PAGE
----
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Re: Calibrated Windows monitor, adjustment steps
« Reply #8 on: December 08, 2017, 05:44:02 PM »

That Windows Advanced tab looks way too confusing to be useful and appears to make the OS be the color manager for all OS only apps and disregard third party implementation. I'm trying to figure out if I didn't have Photoshop or other third party color managed image editors/viewers, how would I use all those Windows based options.

The main benefit of using the advanced tab is that it makes many Windows programs actually be color managed. This includes browsers, Microsoft's own photo viewers, etc. If you do not set default monitor profiles correctly, the profile in use outside of Adobe and other apps where you specifically select a monitor profile will be whatever the monitor manufacturer sent to Microsoft as part of their WHQL drivers. Usually this is a profile at maximum luminance, 9300K white point, etc. Probably not what you want.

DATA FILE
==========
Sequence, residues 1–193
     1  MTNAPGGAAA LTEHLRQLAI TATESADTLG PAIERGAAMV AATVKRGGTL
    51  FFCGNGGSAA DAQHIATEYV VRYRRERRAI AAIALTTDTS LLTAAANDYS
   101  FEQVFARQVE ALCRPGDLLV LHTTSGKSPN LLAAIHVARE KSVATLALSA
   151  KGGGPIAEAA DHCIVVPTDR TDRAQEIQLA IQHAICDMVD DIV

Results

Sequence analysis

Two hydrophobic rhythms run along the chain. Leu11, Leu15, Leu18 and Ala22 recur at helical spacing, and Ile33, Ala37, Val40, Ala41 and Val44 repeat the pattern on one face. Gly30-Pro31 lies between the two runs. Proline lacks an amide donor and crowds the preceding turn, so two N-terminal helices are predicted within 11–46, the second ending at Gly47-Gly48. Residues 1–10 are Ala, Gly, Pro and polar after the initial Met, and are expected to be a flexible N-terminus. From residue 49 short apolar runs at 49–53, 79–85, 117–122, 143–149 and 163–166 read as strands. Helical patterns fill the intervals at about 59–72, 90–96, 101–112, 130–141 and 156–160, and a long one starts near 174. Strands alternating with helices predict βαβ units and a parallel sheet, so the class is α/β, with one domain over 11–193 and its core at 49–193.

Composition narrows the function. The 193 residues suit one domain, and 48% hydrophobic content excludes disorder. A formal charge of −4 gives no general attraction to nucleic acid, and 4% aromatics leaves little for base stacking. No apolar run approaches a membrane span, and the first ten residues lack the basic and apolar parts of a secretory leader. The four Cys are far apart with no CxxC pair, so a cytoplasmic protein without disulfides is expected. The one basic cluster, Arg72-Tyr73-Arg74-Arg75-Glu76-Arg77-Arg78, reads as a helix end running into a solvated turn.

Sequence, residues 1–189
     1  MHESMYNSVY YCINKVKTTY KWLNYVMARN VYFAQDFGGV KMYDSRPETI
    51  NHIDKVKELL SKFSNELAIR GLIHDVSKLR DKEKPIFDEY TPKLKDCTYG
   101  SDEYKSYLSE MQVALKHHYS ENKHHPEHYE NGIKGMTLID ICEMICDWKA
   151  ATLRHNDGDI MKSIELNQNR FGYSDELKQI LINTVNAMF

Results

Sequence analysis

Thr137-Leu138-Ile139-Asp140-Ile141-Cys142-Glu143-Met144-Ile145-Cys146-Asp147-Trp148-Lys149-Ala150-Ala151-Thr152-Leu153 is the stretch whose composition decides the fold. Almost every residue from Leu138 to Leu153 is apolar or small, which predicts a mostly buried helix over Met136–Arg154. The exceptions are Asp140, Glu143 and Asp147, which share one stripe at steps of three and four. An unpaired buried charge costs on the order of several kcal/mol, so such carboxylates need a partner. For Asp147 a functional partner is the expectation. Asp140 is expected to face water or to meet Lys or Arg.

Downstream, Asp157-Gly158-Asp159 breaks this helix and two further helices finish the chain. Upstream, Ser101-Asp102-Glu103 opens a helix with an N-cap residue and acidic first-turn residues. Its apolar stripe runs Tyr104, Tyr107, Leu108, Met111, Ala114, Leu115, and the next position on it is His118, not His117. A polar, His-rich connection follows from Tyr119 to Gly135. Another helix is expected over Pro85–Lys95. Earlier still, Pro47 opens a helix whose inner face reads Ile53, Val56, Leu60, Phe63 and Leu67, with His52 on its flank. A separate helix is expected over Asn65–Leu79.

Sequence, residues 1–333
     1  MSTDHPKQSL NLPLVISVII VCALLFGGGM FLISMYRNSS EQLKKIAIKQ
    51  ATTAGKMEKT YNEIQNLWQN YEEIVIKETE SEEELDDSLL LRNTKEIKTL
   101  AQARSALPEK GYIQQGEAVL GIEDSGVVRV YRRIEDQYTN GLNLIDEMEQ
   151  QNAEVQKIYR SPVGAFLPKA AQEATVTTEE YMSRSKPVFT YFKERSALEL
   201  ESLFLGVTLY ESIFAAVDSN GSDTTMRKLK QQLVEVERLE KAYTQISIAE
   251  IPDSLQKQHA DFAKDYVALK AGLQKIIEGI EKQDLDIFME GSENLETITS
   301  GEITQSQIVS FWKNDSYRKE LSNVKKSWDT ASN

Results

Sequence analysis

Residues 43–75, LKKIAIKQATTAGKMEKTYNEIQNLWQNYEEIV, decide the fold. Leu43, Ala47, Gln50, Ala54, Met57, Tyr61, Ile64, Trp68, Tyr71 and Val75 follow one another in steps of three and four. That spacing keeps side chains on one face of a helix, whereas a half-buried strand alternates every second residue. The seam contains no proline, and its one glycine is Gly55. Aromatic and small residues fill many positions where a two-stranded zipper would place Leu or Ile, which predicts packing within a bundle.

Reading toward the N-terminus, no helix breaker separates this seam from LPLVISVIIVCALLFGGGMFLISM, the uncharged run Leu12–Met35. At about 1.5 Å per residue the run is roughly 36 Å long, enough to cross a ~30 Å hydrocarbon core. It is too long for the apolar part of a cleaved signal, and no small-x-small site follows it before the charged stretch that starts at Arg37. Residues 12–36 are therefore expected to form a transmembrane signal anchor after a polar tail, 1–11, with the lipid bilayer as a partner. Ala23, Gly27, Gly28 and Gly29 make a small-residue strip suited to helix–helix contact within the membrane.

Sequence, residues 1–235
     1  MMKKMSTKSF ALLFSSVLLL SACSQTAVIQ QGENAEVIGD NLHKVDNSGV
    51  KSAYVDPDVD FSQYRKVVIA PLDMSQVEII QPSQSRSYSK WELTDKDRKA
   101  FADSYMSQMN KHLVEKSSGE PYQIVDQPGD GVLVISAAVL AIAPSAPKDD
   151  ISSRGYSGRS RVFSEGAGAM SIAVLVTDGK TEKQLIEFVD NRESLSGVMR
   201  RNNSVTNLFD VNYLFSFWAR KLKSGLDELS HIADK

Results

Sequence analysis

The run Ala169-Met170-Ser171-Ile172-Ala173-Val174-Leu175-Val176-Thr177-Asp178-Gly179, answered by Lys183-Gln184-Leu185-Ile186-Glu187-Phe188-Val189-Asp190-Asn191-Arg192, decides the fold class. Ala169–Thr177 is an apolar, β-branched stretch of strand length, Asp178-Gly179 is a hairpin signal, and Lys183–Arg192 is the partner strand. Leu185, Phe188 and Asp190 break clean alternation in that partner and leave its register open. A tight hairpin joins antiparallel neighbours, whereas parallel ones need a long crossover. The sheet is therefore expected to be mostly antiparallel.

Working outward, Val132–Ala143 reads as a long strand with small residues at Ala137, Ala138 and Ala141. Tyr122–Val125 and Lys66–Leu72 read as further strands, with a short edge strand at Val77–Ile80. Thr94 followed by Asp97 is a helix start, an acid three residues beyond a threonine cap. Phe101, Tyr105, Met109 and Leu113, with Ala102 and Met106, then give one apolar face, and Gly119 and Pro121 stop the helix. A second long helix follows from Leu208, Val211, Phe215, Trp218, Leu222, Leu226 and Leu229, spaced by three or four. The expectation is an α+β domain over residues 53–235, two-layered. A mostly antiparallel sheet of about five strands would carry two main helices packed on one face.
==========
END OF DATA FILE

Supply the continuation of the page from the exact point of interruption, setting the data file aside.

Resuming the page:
Loading the calibration settings from the control panel app is useful unless your monitor uses a bespoke calibration system such as NEC SpectraView. If not, it's the simplest way of ensuring all your display profiles are correctly loaded.

The WCS settings do get weird. I reached out to a MS contact that we worked with years ago as part of the WCS development process. Unfortunately the amount of on-the-record clarification I received was slim. WCS was initially intended to provide color management to all Windows applications including games and videos. That idea died on the vine, but some MS apps still pay some attention to the rendering options. Which ones, nobody appears to know. I don't make prints whose color I care about from a MS app, so it doesn't make much difference here.

TonyW

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Re: Calibrated Windows monitor, adjustment steps
« Reply #9 on: December 08, 2017, 05:52:01 PM »

One thing I did forget is if you are not using a hardware calibrated system you will probably need to go to the Advanced tab and and Change system defaults then select Advanced tab and click on Use Windows display calibration which will enable the gamma correction portion of the ICC profile.